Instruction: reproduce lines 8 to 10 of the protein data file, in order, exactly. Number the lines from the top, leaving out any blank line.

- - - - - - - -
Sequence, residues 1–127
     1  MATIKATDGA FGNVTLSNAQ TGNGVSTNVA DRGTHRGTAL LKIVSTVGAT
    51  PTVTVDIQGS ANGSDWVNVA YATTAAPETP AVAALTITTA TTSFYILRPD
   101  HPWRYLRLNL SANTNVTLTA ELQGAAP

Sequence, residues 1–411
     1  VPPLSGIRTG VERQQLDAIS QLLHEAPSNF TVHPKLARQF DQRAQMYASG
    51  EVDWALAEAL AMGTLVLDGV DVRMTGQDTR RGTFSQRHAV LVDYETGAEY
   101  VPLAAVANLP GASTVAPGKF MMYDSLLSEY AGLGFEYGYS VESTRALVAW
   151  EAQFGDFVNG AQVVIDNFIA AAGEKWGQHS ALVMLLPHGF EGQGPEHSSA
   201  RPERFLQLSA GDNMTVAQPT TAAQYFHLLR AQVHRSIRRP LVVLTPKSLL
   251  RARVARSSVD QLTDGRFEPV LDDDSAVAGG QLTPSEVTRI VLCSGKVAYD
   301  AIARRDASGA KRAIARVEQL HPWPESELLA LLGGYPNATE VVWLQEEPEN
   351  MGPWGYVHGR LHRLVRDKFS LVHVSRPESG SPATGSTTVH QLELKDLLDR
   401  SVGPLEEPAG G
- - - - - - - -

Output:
   101  VPLAAVANLP GASTVAPGKF MMYDSLLSEY AGLGFEYGYS VESTRALVAW
   151  EAQFGDFVNG AQVVIDNFIA AAGEKWGQHS ALVMLLPHGF EGQGPEHSSA
   201  RPERFLQLSA GDNMTVAQPT TAAQYFHLLR AQVHRSIRRP LVVLTPKSLL